The Tesla K10 uses two of the GK104 Kepler GPUs to increase processing speeds. (Nvidia)
Nvidia says its new graphics chip can help turn the rising flood of ISR data into a productive river of information.
Company officials say their Tesla K10 graphics processing unit (GPU) relies on a brand-new architecture with 192 cores, dubbed Kepler, which will allow it to perform twice or thrice as fast as its old 32-core, Fermi-based GPUs.
Nvidia says that the new GPU, to be unveiled at the GPU Technology Conference on May 16 and released for sale later this month, will provide faster signal and intelligence processing, video analytics and stabilized videos that provide object detection, and computations that turn flat satellite images into a representation of the curved earth.
Analysts can also use GPUs to process data from collection platforms such as Humvee-mounted cameras or detectors, UAVs, or street sensors that can then be used for simulations or route planning.
“I think that will translate right down to training and mission planning,” said Kevin Berce, business development manager at Nvidia. “They’re going to have real-time data from the theater to do their simulations on. So the faster that they can get that data so they can have real live training exercises – it’s going to be invaluable.”
CPUs, or central processing units, have long been used to analyze this kind of data, but GPUs are able to offload some of the computations to speed up the process considerably.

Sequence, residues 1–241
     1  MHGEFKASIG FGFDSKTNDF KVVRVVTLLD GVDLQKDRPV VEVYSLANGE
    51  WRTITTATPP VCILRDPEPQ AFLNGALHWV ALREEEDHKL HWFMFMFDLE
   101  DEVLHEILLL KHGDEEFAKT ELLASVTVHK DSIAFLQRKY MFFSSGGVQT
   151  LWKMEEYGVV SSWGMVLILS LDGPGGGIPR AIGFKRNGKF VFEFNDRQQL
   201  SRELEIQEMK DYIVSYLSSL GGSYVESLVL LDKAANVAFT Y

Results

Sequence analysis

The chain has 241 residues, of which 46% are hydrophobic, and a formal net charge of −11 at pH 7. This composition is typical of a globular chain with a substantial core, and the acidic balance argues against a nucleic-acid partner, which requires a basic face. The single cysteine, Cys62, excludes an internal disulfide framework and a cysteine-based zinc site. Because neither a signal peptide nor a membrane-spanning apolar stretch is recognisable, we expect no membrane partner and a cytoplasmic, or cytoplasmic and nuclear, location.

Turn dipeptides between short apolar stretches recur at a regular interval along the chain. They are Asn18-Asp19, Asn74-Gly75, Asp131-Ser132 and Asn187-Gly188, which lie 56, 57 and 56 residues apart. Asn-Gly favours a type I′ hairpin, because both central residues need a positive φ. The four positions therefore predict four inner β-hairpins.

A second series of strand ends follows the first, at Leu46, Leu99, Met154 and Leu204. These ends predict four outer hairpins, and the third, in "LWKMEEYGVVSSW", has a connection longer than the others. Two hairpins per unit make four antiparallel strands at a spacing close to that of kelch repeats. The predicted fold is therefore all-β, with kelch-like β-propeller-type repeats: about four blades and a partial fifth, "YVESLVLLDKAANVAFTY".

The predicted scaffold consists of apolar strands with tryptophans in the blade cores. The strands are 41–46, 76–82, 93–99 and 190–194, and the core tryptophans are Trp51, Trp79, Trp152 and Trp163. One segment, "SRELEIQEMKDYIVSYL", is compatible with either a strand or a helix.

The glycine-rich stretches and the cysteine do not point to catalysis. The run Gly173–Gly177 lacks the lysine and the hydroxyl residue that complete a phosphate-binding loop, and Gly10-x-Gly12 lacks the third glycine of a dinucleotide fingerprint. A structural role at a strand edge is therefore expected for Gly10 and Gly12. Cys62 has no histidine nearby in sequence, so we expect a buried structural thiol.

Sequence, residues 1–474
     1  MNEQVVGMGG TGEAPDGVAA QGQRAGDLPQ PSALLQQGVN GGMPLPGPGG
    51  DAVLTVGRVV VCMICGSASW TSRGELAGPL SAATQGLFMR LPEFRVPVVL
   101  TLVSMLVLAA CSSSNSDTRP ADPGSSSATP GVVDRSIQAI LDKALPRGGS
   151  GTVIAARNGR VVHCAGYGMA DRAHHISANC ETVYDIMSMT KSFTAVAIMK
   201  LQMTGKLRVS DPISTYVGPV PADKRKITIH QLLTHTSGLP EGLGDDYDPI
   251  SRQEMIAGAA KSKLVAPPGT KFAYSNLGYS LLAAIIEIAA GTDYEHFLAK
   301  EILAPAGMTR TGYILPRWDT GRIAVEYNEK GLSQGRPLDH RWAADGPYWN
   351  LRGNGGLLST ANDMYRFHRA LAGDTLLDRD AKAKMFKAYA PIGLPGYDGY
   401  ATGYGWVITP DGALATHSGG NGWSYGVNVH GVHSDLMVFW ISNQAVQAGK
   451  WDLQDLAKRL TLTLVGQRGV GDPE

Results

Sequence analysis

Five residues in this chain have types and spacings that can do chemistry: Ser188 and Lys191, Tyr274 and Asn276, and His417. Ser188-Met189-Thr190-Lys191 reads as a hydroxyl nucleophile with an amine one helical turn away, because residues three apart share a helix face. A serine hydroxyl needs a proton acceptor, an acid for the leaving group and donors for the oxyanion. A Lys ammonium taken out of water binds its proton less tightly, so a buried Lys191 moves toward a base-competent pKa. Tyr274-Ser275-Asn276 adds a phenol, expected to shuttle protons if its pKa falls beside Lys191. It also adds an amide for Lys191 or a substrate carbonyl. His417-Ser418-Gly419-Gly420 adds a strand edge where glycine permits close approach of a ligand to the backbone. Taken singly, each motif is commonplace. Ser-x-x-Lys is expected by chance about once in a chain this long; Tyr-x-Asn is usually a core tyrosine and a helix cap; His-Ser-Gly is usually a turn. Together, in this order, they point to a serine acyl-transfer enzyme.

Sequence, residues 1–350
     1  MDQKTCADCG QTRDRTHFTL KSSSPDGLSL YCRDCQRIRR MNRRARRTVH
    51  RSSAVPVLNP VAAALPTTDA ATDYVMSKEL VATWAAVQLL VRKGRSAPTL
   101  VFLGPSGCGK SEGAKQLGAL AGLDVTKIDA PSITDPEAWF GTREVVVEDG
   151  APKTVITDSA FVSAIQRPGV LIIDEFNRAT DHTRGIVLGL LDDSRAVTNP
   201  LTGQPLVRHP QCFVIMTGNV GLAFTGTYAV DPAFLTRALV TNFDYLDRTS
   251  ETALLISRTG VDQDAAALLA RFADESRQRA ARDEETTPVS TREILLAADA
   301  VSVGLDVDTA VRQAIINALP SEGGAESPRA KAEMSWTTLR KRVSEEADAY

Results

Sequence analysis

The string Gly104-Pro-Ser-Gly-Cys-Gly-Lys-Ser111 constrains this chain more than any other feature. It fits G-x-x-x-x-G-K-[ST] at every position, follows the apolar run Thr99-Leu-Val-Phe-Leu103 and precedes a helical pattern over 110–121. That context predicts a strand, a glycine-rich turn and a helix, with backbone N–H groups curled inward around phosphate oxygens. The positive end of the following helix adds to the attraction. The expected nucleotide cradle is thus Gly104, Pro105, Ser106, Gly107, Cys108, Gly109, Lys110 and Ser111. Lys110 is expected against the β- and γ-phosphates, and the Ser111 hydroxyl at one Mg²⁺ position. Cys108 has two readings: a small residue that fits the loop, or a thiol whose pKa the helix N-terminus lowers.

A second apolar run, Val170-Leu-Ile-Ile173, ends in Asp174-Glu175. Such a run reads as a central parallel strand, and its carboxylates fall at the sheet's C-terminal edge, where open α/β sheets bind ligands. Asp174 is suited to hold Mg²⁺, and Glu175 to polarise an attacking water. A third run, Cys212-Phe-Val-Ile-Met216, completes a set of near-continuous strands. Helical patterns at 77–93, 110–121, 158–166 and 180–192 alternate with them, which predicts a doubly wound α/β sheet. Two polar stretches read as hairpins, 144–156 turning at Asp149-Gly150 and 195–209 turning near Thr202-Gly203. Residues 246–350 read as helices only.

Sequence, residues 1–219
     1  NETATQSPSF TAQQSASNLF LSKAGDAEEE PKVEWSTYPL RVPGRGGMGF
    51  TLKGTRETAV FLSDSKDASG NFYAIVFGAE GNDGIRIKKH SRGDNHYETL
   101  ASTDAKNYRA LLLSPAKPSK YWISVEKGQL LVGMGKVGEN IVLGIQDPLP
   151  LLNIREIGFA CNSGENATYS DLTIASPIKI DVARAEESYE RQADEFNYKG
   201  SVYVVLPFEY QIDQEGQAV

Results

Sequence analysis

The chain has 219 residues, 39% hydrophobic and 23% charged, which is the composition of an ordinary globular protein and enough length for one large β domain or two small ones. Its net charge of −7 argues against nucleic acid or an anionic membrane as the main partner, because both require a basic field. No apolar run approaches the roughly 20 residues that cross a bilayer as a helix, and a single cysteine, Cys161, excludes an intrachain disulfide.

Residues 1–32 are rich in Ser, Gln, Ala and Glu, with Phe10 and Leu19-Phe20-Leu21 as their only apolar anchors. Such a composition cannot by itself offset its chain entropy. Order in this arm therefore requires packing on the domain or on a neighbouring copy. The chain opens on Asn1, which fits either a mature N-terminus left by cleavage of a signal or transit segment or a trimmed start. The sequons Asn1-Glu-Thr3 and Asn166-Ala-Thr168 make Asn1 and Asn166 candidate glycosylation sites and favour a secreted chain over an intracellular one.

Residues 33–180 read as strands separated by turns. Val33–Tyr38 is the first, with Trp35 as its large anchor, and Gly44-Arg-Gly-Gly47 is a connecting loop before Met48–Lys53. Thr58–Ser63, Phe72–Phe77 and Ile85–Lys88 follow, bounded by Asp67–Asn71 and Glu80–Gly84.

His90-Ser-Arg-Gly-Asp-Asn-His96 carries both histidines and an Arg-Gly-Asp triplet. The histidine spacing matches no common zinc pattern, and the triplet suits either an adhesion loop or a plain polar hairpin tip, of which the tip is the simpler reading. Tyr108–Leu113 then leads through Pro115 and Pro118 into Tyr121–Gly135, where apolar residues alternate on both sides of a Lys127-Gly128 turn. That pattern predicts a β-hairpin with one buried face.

“It’s like adding a turbocharger to a car,” said Sumit Gupta, senior director of high-performance GPUs at Nvidia. CPUs will get you there, but GPUs will get you there faster.
Using GPUs to increase computational power can also reduce the size of the system required, allowing for greater portability and local turnaround. Gupta envisioned small IED radars in Humvees that could provide real-time analysis of the surroundings in a matter of milliseconds, where normally soldiers would have to send that data to a center for processing.
“You want real-time, in-the-field analysis,” Gupta said. “The speed of simulation or analytics is very important. If you could do it, but it takes six hours — by which time the object is gone — there’s no value anymore.”
One defense contractor that Nvidia did not name has moved some of its processing algorithms from CPUs to GPUs and saved 25 percent on their costs.
Furthermore, Berce added, that company expects to save 22 percent on power costs — something that, if translated to the field, could save money and lives of troops through reduced fuel consumption.